This Sunday, October 10, on the day that would have been architectural photographer Julius Shulman’s 100th birthday, the MAK Center for Art & Architecture at the Schindler House will hold its annual AIA tour of notable modern Los Angeles houses—this year at residences all shot by Shulman. The tour will include visits to Richard Neutra’s Kun and Lovell Health houses, Rudolph Schindler’s Gold House, Carl Louis Maston’s Hillside House, Pierre Koenig’s Gantert House and Shulman’s own house, on which he personally collaborated with architect Raphael Soriano and which is currently on the market. Shulman’s photos of each of the six houses on the tour are to follow. The Soriano house in particular is worth a visit for many reasons, a pressing one being that fact that it is not guaranteed to be forever available to the Shulman fan who wishes to sneak a peek, as it might have once been.
Several years ago in fact, I ventured to the home to pick up some portraits of Shulman for an L.A.-based architecture and design magazine for which I worked as an editor. Shulman ignored the newfangled practice of emailing jpegs and such, so the only way I was going to be able to publish the portraits was to pick up the prints and scan them in, the old-fashioned way. “The garden is a bit overgrown,” Shulman warned me on the phone before giving me a quick quote for my blurb on him, adding, “Put that in your little notebook.” He gave me directions and told me he’d be in his studio, adjacent to the house, for the next few hours.
At the end of the curved, slightly steep driveway, hidden among the indeed overgrown palms and bushes, I found the humble entrance, tucked beneath the low-slung roofline. Shulman greeted me at the door—a slight, friendly man with a wisp of gray hair and thick, square glasses—and invited me into his studio, filled with file cabinets brimming with slides of his incredible career’s work. He walked gingerly with a cane, wore a small Band-Aid right across his nose and flirted with me. He possessed an incredible memory for exactly what was contained in each drawer, pulling out a few slides to show me; I could not help but pause and consider how unique it was to be suddenly standing among probably the most important collection of modern architectural slides and photographs in existence, with the man who helped catapult modernism into the mainstream milieu.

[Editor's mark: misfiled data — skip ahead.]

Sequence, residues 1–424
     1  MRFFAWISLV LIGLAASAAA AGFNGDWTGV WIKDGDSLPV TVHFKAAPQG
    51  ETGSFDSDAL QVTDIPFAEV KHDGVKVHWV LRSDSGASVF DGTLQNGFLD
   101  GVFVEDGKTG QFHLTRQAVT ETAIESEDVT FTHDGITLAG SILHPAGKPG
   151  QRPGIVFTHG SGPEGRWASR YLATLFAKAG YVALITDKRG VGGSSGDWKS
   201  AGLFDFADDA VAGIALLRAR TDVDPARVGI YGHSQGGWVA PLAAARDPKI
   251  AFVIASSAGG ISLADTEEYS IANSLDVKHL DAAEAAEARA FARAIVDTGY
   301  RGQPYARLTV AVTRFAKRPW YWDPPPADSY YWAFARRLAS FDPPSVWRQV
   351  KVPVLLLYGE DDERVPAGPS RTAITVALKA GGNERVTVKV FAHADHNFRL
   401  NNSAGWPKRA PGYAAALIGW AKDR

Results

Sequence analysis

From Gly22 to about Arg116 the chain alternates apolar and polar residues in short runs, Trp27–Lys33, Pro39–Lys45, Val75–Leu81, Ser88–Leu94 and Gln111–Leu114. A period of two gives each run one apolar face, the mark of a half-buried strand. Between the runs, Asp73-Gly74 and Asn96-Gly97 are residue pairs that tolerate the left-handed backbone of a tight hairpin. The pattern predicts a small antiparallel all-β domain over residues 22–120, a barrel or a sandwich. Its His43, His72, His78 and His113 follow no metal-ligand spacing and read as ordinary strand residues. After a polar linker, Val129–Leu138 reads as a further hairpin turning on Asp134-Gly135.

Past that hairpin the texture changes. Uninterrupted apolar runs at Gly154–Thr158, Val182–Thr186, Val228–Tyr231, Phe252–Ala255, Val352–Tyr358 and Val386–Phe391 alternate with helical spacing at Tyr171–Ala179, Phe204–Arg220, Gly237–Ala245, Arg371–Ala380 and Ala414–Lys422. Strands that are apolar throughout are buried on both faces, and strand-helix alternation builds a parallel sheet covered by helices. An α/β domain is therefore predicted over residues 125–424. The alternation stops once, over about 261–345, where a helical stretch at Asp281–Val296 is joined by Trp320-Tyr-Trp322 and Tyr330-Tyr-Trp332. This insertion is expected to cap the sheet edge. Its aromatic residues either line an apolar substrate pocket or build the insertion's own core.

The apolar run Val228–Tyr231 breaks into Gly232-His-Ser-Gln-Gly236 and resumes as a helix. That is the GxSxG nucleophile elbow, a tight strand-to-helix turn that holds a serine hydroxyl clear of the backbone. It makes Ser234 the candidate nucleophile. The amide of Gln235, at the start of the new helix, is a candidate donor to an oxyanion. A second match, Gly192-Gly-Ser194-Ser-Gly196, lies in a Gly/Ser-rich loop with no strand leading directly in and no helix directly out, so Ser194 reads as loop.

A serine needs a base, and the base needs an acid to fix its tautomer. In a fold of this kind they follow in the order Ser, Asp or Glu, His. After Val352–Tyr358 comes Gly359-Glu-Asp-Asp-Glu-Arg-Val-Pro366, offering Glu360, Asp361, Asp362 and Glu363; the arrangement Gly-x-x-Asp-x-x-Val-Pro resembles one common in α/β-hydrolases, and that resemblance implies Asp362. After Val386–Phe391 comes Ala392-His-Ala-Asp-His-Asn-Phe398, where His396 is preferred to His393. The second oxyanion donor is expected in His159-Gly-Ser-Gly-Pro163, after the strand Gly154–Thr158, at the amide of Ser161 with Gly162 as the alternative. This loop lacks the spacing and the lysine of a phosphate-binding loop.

Disillusioned with postmodernism, Shulman had attempted to retire in the 1980s. But he was soon back to work, and spent much of the last decade of his life collaborating with the German-born photographer Juergen Nogai, who will celebrate Shulman’s 100th by publishing, through Kehrer Verlag Julius Shulman: The Last Decade, comprised of works from their joint archive, many of which have not yet been published.
Southern California’s Woodbury University, home to the Julius Shulman Institute—which focuses on Shulman’s enduring involvement in the issues of modernism and dedicated, said Shulman, “to the potentials of brilliance” of young photographers—will host IMAGE.ARCHITECTURE.NOW, a symposium and photography exhibition on Saturday, October 9. The event, which includes a panel of contemporary architects and photographers, will be led by architect Neil Denari and historian Kazys Varnelis, and emceed by Frances Anderton, host of DnA on KCRW, who has said Shulman’s “seductive black-and-white photographs defined California mid-century modernism.” The University’s symposium and exhibition will be followed by 10-10-10, a celebration of Julius Shulman on October 10 at Union Station in downtown Los Angeles, emceed by Benedikt Taschen and including a live auction of Shulman’s photographs.
May 10-10-10 serve as a reminder to all fans of modernism that, as Shulman once remarked, “Modern architecture is not just an empty glass box. It has more to offer.”